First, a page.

By Claire Barber
With a similarly remarkable platform, Hipcamp seems to be the Airbnb version of camping. It’s a relatively simple idea — I’m kicking myself that I didn’t think of it.
Hipcamp’s website is aesthetically pleasing with pastel, Instagram-esque photos that demarcate sections titled “Camp Tonight,” “Beach Camping,” “Tent Camping Near Me,” “Yosemite,” and more.
The idea is for landowners to host campsites, ranging from “glamping” bookings with pre-erected tents or rustic cabins to primitive sites where campers erect their own tents and have no running water or restroom.
Prices vary accordingly, but Hipcamp properties are a pretty affordable option for lodging, especially if you camp in a group. Some tent sites I have seen go for as low as $10 per night.
On top of their funky campsites and aesthetic marketing, Hipcamp’s model may open the outdoor space to a wider audience who may not know how to find or properly maintain free campsites.
Hipcamp’s website states, “for the public to care about protecting nature, they have to experience it. To experience it, they must be able to access it. 54% of American schoolchildren under the age of nine have never spent a night outside. Hipcamp is changing these odds by unlocking new ways to get outside, especially for families who are new to camping.”
So, maybe Hipcamp is more than “the Airbnb for camping.” Maybe it’s an opportunity to tune into the rising demand for outdoor recreation, while creating an accessible avenue for novel campers.
While looking for similar services to Hipcamp, I came across the app BoonDocking. BoonDocking is the practice of camping for free, usually in the middle of nowhere. The app allows users to geotag locations with free camping. Posting about, creating a list of, and marking free campsites isn’t a new phenomenon, but with more people getting out and into the outdoors, there comes more consequences.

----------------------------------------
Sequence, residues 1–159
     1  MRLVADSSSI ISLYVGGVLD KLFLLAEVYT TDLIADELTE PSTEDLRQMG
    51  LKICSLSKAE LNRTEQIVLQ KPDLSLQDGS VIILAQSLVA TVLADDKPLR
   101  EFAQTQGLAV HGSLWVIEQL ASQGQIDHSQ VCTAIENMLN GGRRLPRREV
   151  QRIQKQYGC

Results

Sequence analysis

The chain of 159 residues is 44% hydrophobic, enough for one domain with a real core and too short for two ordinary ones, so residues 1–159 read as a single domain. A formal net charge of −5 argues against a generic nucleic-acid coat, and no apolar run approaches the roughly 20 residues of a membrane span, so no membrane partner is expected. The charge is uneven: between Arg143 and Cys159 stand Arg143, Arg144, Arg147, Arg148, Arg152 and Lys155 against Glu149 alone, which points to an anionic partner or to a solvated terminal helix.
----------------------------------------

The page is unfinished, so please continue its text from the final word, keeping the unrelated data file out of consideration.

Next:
Leave No Trace has produced their own “Social Media Guidance” in the wake of overpopulated and vandalized natural areas. Their guidance suggests not geotagging the photos that you post in order to help keep those areas pristine.
Hipcamp owners maintain and monitor their sites, and while it may seem odd for people to have to make reservations to sleep under the stars, such a model may help curb what could be influxes of wild camping among those who may not properly respect and maintain the land.
Not only does Hipcamp organize campsites on private property, but you can also search for campsites in public parks. While you peruse sites on public land, Hipcamp gives you bookings on private properties nearby, which are often cheaper. This feature streamlines your search, although if you proceed to book campsites in public parks, you are redirected to the proper government channel to make the booking. All other listings on the site can be booked directly as you would on Airbnb.
Hipcamp is a promising business model. But who will it serve? Who does it serve? Does it currently, or will it get a wider audience outside in the future? Will it simply perpetuate photo-fueled tourism? Will it help keep lands maintained, or do just the opposite? These are all questions to keep in mind as we observe Hipcamp’s development in the years to come.